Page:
The Michigan House of Representatives today approved state Rep. Mark Tisdel’s bipartisan plan to require high-level state executive officials to disclose their financial resources.
Tisdel’s House Bill 4685 is one piece of a broad, bipartisan ethics reform plan to strengthen requirements for transparency and accountability for government officials.
“When Michigan’s top officials make decisions that impact our entire state, their judgment must not be skewed by financial conflicts of interest,” said Tisdel, of Rochester Hills. “Without transparency, conflict-of-interest requirements are all bark and no bite. Financial disclosure will put teeth into existing ethics reforms, while other bipartisan reforms will strengthen accountability further.”
HB 4685 would require state officers to file an annual financial disclosure report with the State Board of Ethics. This requirement would apply to the governor, lieutenant governor, secretary of state, attorney general, treasurer, superintendent, liquor control commissioners, civil service commissioners, education board members and university board members.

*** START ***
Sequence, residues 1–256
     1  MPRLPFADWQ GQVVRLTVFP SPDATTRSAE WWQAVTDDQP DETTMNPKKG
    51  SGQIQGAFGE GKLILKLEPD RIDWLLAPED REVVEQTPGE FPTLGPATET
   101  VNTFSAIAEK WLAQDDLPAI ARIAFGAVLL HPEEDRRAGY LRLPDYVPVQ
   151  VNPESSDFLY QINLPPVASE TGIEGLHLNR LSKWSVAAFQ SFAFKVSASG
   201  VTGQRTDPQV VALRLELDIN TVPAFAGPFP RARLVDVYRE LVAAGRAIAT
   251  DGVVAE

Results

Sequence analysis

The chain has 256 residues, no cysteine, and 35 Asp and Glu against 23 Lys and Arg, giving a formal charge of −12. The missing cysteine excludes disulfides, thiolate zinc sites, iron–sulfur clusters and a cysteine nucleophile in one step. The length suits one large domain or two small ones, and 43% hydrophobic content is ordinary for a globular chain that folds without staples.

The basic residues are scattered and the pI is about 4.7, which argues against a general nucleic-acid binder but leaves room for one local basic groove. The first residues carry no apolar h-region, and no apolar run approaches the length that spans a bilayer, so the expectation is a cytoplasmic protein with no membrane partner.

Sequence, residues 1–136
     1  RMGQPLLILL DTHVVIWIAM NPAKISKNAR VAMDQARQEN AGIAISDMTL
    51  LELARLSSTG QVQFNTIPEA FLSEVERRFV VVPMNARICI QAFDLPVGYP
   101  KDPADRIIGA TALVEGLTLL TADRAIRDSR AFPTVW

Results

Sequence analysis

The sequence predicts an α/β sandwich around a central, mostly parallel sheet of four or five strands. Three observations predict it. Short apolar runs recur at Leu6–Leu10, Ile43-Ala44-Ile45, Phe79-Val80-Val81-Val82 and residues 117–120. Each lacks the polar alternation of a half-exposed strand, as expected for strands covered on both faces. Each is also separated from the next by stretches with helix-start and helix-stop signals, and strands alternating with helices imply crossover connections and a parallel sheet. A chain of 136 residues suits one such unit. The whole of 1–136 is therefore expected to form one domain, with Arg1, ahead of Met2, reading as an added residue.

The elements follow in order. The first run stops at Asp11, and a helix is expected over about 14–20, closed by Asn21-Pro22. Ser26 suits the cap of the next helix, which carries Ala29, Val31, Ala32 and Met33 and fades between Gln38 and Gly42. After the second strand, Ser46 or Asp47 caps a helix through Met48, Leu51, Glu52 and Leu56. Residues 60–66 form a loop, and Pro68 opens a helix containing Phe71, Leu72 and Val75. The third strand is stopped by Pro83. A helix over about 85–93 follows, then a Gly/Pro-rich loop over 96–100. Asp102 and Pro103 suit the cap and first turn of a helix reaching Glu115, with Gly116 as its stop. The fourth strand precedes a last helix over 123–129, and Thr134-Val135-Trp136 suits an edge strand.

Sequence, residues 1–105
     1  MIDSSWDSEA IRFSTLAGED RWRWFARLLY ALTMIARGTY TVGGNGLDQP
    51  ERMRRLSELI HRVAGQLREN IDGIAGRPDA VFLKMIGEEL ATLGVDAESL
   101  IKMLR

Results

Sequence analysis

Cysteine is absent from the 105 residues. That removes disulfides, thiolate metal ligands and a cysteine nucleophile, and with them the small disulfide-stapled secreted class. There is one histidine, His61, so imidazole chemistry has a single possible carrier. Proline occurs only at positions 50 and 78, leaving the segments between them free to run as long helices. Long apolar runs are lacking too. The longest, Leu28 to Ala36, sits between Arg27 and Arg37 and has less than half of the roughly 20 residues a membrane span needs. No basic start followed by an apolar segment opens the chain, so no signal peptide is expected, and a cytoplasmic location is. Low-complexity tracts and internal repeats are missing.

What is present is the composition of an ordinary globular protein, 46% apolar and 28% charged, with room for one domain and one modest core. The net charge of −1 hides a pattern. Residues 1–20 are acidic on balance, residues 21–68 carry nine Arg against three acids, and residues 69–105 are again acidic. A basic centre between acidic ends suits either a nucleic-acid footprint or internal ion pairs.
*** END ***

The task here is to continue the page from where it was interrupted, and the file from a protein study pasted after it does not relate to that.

The disclosure report would be required to include the official’s full name, mailing address and position. The plan would require reporting of various financial resources of certain minimum values for officials and their spouses and dependents, such as sources of income, parcels of property, stocks and other securities and paid lobbying activities. An official would be subject to disciplinary action for failure to comply with the disclosure requirements.
The State Board of Ethics would be able to review financial reports to ensure compliance with all relevant ethics and conflict of interest laws. While the financial reports would be confidential during a state official’s tenure, reports for former officials would be available to members of the public within 10 days upon request.
In addition to Tisdel’s bill for executive branch financial disclosure, other components of the ethics plan would subject legislators to similar financial disclosure requirements, establish a two-year waiting period before former legislators and department directors can become lobbyists, prohibit current legislators lobbying in other states, expand reporting requirements for lobbyists and create bipartisan ethics committees in the Legislature to enforce ethical protocols.
The plan passed the House with bipartisan support and now advances to the Senate for consideration.
A detailed summary of the ethics proposals approved by the House can be read here.